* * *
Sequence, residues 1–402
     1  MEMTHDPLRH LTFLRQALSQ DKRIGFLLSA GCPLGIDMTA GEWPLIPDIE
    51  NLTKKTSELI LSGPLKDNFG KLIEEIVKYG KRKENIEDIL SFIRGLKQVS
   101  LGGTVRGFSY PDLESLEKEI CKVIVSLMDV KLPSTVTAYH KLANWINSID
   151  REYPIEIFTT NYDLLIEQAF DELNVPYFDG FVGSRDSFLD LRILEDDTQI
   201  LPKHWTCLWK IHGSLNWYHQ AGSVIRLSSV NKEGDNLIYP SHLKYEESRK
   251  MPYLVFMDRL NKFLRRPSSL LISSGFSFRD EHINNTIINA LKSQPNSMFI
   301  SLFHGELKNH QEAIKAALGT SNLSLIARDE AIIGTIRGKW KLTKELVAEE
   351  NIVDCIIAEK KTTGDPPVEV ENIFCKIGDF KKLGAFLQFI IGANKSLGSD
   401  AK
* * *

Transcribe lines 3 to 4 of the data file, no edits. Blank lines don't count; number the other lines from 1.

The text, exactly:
    51  NLTKKTSELI LSGPLKDNFG KLIEEIVKYG KRKENIEDIL SFIRGLKQVS
   101  LGGTVRGFSY PDLESLEKEI CKVIVSLMDV KLPSTVTAYH KLANWINSID